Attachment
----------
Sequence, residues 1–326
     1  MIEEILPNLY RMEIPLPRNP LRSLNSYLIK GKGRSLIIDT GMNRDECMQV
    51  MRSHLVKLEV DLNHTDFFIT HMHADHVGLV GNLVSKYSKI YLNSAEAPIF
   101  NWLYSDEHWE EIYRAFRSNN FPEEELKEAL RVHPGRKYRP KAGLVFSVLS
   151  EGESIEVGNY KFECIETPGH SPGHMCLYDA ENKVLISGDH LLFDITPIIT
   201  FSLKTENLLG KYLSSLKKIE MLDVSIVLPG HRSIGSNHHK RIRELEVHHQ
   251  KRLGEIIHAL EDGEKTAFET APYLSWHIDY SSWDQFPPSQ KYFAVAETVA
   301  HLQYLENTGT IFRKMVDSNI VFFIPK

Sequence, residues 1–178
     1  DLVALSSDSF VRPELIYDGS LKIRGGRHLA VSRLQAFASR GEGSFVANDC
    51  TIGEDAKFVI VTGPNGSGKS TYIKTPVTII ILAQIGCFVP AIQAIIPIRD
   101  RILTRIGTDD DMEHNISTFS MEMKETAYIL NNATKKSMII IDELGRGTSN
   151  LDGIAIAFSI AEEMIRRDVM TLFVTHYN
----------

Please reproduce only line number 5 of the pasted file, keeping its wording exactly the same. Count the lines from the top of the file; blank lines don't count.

   151  EGESIEVGNY KFECIETPGH SPGHMCLYDA ENKVLISGDH LLFDITPIIT